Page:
In "The Devil and Tom Walker," what characteristics of the wife suggest that she already belongs to the devil without having to bargain?

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poetrymfa's profile pic

poetrymfa | College Teacher | (Level 3) Educator

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Tom Walker's wife is a miserly woman who keeps "secret hoards" from her husband, which serves as a source of frequent argument between the two. She is described as a "tall termagant, fierce of temper, loud of tongue, and strong of arm." She doesn't hesitate to fight with her husband and is even prone to hitting the man. This unusually aggressive, violent behavior leads Tom to behave distrustfully around her, and he tries not to reveal any of his private matters to her. Even outsiders are unwilling to come between them to stop their fighting.

Perhaps the greatest argument that the woman belongs to the devil without having to bargain is that Tom himself does not even fear the devil because he is already so closely accustomed with the force of evil that is his wife!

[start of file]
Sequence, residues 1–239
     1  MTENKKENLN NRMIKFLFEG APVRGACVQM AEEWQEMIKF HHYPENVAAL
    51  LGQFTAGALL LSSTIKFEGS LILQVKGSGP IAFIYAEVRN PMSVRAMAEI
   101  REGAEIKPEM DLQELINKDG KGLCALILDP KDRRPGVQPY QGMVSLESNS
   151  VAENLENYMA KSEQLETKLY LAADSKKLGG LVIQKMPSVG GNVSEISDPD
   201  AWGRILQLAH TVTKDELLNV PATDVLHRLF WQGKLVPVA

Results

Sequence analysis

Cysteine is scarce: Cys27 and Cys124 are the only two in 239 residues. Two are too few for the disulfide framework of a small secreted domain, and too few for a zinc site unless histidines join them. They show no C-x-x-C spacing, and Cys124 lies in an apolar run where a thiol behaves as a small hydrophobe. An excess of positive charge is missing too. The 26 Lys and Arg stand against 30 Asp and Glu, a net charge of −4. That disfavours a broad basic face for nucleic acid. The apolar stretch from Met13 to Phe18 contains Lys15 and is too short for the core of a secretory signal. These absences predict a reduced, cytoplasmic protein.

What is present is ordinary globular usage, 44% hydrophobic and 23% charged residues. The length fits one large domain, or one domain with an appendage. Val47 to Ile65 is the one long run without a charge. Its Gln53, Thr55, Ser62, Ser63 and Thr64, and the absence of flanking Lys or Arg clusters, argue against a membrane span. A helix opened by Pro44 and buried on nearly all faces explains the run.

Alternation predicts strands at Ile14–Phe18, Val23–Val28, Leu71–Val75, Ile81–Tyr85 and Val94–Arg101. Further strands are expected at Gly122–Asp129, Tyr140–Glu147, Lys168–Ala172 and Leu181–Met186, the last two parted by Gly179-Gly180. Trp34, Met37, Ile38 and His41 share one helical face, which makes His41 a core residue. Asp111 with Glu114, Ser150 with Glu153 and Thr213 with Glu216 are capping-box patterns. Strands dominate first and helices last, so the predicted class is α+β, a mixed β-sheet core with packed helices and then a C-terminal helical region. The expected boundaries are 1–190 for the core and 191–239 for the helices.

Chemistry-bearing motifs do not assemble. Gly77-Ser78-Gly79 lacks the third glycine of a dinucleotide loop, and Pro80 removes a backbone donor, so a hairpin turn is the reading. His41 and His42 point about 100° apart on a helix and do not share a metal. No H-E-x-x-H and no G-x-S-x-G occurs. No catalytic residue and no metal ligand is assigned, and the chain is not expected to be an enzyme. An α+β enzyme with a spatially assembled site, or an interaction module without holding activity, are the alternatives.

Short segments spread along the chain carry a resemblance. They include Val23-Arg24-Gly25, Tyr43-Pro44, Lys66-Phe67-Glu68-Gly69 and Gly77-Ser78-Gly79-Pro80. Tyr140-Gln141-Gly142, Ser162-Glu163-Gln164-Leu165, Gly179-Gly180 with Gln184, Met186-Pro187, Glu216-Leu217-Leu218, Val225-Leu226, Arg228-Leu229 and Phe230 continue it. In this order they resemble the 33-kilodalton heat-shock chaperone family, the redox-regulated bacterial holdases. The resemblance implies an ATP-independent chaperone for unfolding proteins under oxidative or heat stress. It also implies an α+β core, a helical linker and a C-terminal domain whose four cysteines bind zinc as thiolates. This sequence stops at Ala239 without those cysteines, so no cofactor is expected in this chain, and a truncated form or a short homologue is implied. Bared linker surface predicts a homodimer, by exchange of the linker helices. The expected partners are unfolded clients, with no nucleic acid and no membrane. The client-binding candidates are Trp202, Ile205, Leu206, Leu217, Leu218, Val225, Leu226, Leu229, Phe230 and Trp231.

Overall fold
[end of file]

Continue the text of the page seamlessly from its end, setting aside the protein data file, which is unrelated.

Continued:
gbeatty's profile pic

gbeatty | College Teacher | (Level 1) Educator Emeritus

Posted on

Oh, almost all of them. She embodies many sins (as does Tom in relation to her). As Irving tells us:

"He had a wife as miserly as himself; they were so miserly that they even conspired to cheat each other. Whatever the woman could lay hands on she hid away: a hen could not cackle but she was on the alert to secure the new-laid egg." 

So, she's miserly, she's mean, she nags, she conspires, she's loud, she's got a nasty temper, and she's "strong of arm," which I assume means she hits him sometimes. 

She's specifically labeled as a "termagant," which means nagging woman, but also a false deity. Taken together, she's pretty much on the dark side.


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